History of the forceps. We have already mentioned some historical points connected with the improvements of the present French and English forceps; it will now be necessary to enter more fully into the history of this instrument. The earliest trace of the midwifery forceps which we possess is under the form of a secret in the hands of an English family, named Chamberlen. As to when and by whom it was first invented, this must probably remain for ever unknown; and at any rate there is no more reason to suppose that Dr. Hugh Chamberlen was the inventor than his father or his brothers were. He was compelled to quit England on account of being involved in the political troubles of the time, and went to Paris in the beginning of the year 1770, and evidently had then been some time in the possession of the secret. He returned to London, in August of the same year, having in vain attempted to sell it to the French government, after having entirely failed in a case of difficult labour which he had asserted he could deliver in a few minutes, although Mauriceau had stated that the Cæsarean operation would be required. Dr. H. Chamberlen published, in 1772, a translation of Mauriceau's work, which had appeared four years previously, and in his preface he publicly alludes to this secret, and says, "My father, brothers, and myself (though none else in Europe, as I know) have, by God's blessing and our industry, attained to, and long practised, a way to deliver women in this case without any prejudice to them or their infants: though all others (being obliged, for the want of such an expedient, to use the common way) do or must endanger, if not destroy, one or both with hooks." He thus apologizes for not having divulged the secret: "There being my father and two brothers living, that practise this art, I cannot esteem it my own to dispose of, nor publish it, without injury to them."

Whether a work, entitled Midwife's Practice, by Hugh Chamberlen, 1665, was by the translator of Mauriceau's work, or by his father, must now remain a matter of doubt; it was, however, in all probability by the


latter, from what the translator says in his preface, viz. "I designed a small manual to that purpose, but meeting, some time after, in France, with this treatise of Mauriceau, I changed my resolution into that of translating him." On account of his being attached to the party of James II. he was again obliged to quit England, in 1688, and crossed over to Amsterdam, where he settled, and in five years after succeeded in selling his secret to three Dutch practitioners, viz. Roger Roonhuysen, Cornelius Bökelman, and Frederick Ruysch, the celebrated anatomist. In their hands, and in those of their successors, it remained a profound secret until 1753, when it was purchased by two Dutch physicians, Jacob de Vischer and Hugo van de Poll, for the purpose of making it generally known. It turned out to be a flat bar of iron, somewhat curved at each end: this lever was stated to have been received from Roonhuysen, one of the original purchasers of the Chamberlen secret; but there is no reason to suppose that any such instrument had been communicated by Chamberlen either to him or the others, as we have distinct evidence that both Ruysch and Bökelman possessed forceps, the blades of which united at their lower end by means of a hinge and pin. It is known also that Roonhuysen used a double instrument consisting of two blades. The above-mentioned flat bar of iron, commonly called Roonhuysen's lever, was, without doubt, invented, after his time, by Plaatman, who received the Chamberlen secret from him. (Edin. Med. and Surg. Journal, Oct., 1833.)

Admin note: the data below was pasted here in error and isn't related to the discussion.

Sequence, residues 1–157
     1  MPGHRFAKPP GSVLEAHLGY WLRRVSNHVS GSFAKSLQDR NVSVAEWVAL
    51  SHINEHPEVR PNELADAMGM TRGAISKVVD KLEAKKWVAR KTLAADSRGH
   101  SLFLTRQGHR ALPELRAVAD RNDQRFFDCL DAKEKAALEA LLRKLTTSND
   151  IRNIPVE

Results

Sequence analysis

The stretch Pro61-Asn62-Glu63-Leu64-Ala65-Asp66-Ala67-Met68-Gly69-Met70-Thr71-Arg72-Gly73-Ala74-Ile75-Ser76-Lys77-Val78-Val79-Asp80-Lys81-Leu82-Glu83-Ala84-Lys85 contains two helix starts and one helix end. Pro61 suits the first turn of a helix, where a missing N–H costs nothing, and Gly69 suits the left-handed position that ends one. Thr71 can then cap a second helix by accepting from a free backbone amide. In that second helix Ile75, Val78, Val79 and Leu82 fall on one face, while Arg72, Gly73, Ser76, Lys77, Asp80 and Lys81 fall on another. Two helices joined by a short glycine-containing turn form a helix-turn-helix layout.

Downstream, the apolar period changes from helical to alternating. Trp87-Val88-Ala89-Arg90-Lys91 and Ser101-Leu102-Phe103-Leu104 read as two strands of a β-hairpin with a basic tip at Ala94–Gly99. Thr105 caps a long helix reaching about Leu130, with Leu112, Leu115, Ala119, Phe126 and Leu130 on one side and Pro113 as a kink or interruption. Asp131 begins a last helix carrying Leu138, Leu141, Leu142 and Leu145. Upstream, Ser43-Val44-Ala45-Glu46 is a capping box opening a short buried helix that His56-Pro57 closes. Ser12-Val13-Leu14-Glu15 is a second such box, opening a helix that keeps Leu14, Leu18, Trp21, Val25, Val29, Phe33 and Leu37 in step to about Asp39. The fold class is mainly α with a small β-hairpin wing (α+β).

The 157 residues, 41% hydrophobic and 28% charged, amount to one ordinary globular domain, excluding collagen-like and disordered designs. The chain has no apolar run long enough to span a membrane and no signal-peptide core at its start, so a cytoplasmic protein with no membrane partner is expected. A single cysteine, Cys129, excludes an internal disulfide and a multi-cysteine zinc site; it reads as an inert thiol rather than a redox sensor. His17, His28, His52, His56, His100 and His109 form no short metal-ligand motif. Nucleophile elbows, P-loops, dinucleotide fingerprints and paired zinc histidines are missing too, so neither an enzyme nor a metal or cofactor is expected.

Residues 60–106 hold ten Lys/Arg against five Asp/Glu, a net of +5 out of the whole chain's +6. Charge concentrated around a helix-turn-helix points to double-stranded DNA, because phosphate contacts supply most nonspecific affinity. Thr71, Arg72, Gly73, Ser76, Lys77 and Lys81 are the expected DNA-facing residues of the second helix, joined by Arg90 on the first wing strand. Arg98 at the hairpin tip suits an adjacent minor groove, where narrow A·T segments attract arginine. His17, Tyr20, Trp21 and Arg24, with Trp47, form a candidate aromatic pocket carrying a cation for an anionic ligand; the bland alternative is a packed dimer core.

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Not many years ago a collection of obstetric instruments were found at Woodham, Mortimer Hall, near Maldon, in Essex, which formerly belonged to Dr. Peter Chamberlen, who, having purchased this estate "some time previous to 1683," was, in all probability, one of the brothers alluded to by Dr. Hugh Chamberlen, in his preface to the translation of Mauriceau's work. This collection, (now in possession of the Medico-Chirurgical Society of Chamberlen's Forceps. London,) contains several forceps, two of which appear to have been used in actual practice; these differ from each other only in size, and present a great improvement upon the instrument possessed by Hugh Chamberlen, at Amsterdam. The blades are fenestrated, and remarkably well formed: the locks are the same as of a common pair of scissors, except that in one case the pivot is riveted into one lock, which passes through a hole in the other, when the blades are brought together. In the smaller forceps there is merely a hole in each lock, through which a cord is passed, and then wound round the shanks of the blades to fasten them together, an improvement in which Dr. Peter Chamberlen had evidently anticipated Chapman, in making the first approach to the present English lock.